When I speak on college campuses, I ask students to write the amount of debt they anticipate graduating with on a slip of paper.
In a recent class of 25 undergraduates at Boston College, just eight will graduate without debt, either because of full scholarships or family wealth. For the rest, an imposing debt looms — $40,000 on average, but with six reporting more than $150,000.
Can you imagine being 22 and having $150,000 in debt? This is generational abuse.
Previous generations were propelled forward by free or very low-cost higher education at land-grant universities and robust free college systems in states like California and New York.
Entrepreneur Dariel Garner attended both undergraduate and graduate school at University of California, Berkeley, free between 1968 and 1975. “I got a world-class education for free,” he told me. Within decades, he’d amassed a multi-million dollar fortune from several enterprises.
Garner blames the withdrawal of state support for public higher education as a driving factor for the ballooning debt of today’s grads. “We used to tax the rich and invest in public goods like affordable higher education,” said Garner. “Today, we cut taxes on the rich and then borrow from them.
Overall state funding for public colleges has fallen $7 billion below its 2008 level. Colleges have cut faculty and increased tuition and fees, effectively shifting the bills onto students and their families. Many students drop out, unable to finish their schooling due to rising costs.
Putting tens of millions families into debt servitude serves no economic or societal purpose. It’s damaging not only to individual finances but to society and the economy as a whole.
A mountain of research shows that student debt is tripping up the next generation, just as they attempt to hit their earnings stride. Student debt delays household formation, discourages entrepreneurship and public service, and thwarts homeownership, among other forms of wealth building.
No wonder a shrinking percentage of college graduates feel their degree is a ticket to the middle class, according to a long-running survey of U.S. social attitudes.
According to the Federal Reserve, monthly student loan payments increased from $227 in 2005 to $393 in 2016.
More than 44 million households are saddled with student debt averaging in excess of $37,000. The total student debt burden of $1.5 trillion now exceeds total credit card debt, and is only second to consumer mortgages.
One in five of these loans are in default. And those who attended predatory for-profit institutions are disproportionately likely to fall behind on their student loan payments.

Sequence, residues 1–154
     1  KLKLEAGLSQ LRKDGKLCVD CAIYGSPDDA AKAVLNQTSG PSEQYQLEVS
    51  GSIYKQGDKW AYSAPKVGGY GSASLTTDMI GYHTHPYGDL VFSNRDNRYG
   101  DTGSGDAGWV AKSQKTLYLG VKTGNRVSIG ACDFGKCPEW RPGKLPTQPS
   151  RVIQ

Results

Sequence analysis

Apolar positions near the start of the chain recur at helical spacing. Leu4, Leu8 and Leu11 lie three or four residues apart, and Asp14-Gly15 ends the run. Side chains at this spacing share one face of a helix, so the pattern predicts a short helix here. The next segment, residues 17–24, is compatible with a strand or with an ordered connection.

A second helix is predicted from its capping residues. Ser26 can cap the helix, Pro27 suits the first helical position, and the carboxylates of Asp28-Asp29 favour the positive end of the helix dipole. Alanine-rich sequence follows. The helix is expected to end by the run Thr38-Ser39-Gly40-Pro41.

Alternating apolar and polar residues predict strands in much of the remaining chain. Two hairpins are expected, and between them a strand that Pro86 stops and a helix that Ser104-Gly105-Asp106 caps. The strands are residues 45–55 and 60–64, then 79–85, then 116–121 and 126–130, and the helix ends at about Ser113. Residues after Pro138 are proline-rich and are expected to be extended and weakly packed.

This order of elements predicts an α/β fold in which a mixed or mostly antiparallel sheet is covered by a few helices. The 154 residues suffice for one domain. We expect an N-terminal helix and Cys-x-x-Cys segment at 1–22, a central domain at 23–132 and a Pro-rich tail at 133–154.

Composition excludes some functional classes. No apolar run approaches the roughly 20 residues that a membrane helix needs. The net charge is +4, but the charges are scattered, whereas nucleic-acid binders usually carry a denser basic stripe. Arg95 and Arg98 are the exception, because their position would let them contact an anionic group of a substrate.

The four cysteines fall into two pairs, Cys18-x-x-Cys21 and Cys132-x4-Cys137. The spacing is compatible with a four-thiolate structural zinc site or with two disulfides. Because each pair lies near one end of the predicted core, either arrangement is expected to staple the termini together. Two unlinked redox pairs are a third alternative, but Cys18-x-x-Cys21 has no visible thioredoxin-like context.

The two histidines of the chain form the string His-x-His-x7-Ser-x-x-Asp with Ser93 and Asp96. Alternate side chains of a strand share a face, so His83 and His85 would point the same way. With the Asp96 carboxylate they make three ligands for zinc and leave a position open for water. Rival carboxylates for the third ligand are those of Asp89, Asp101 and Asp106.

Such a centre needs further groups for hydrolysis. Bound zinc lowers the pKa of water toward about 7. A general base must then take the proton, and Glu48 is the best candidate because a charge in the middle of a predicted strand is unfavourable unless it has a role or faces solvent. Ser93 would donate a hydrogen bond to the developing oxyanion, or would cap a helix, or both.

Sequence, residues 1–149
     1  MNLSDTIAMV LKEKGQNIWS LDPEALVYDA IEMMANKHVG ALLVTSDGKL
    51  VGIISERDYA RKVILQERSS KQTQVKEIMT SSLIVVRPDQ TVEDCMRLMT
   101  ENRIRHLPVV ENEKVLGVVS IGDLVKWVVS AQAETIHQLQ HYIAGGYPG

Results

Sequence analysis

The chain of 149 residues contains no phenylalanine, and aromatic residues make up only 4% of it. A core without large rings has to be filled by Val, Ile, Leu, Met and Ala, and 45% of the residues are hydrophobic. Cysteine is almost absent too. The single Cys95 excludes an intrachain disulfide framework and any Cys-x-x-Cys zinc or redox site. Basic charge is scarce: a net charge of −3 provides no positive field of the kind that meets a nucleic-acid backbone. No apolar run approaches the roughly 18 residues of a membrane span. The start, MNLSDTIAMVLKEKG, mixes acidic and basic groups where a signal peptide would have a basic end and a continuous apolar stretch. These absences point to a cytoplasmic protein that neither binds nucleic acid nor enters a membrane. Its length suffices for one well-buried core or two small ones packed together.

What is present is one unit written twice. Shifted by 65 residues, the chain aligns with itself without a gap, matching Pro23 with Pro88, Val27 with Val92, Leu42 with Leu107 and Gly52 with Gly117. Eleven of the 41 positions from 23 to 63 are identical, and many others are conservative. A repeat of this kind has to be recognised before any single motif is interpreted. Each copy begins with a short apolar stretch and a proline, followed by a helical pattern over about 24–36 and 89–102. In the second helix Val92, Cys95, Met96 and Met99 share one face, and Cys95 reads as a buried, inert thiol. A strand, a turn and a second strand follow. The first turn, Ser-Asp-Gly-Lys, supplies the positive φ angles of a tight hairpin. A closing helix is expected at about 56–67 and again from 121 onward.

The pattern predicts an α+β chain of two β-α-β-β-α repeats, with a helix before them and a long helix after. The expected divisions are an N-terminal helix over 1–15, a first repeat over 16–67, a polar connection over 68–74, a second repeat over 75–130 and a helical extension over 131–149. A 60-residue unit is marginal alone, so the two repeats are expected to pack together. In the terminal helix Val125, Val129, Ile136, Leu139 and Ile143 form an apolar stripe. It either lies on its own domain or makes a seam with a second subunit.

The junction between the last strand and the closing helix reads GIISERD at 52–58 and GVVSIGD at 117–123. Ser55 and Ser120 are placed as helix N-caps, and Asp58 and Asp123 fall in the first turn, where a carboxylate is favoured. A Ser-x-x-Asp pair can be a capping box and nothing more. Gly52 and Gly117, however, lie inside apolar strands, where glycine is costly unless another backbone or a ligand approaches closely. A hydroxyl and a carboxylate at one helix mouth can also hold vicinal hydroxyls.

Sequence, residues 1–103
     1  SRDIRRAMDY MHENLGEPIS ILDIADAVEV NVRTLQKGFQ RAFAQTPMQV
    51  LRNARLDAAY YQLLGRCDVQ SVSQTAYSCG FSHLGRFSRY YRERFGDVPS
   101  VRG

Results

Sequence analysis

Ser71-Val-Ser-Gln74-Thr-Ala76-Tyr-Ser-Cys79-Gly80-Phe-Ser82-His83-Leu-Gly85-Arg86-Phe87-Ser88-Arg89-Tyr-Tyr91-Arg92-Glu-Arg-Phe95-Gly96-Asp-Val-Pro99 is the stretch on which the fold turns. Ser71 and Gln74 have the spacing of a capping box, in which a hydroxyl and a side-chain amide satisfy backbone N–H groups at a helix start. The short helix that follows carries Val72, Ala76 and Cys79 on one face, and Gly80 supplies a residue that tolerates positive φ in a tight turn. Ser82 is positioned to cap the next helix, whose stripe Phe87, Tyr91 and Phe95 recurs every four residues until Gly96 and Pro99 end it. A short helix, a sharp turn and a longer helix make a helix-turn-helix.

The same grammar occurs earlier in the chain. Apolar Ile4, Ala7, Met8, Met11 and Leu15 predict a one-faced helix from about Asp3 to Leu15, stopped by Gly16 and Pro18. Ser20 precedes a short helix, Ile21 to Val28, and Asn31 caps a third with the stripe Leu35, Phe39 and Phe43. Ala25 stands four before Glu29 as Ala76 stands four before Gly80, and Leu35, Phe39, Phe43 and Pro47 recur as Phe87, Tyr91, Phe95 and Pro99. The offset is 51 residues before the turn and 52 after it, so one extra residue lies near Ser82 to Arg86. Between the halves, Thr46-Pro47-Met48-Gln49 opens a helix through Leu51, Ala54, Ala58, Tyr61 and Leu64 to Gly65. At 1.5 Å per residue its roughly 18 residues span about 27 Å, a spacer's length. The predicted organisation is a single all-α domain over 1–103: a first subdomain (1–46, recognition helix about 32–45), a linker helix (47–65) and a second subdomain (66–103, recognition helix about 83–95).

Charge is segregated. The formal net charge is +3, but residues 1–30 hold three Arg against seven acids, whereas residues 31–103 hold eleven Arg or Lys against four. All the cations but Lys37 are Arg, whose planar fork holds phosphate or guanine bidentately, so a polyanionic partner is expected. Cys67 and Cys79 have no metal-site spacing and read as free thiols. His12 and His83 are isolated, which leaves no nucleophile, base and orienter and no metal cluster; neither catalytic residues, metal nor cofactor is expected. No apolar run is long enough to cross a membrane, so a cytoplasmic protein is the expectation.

The only beneficiary of this debacle is a parasitical student loan industry — a leech on the economy.
Nearly all Democratic presidential candidates have put forward plans to address the issue. “There is more consensus about the need to go big on college affordability” than ever, observed Mark Huelsman, a policy researcher at Demos.
Sen. Elizabeth Warren has a comprehensive plan to reduce existing student debt and establish universal free public college.
“The enormous student debt burden weighing down our economy isn’t the result of laziness or irresponsibility,” she said. “It’s the result of a government that has consistently put the interests of the wealthy and well-connected over the interests of working families.”
Warren’s plan would cancel up to $50,000 in student loan debt for households with income under $100,000 and provide some debt relief for households with incomes up to $250,000. She also proposes a new federal investment in public higher education that would eliminate the cost of tuition and fees at every public college, splitting the costs with states.
The one-time debt cancellation plan and universal free tuition going forward would be paid for by a 2 percent annual wealth tax on households with fortunes of more than $50 million.
Students in California have put forward a similar plan to restore California’s estate tax, a levy paid only by households with wealth of more than $5 million, to reduce tuition for 2.2 million California students at public institutions.
These are good ideas. Ending the generational abuse of student debt will expand educational opportunity, unburden our young people, and boost the economy for all.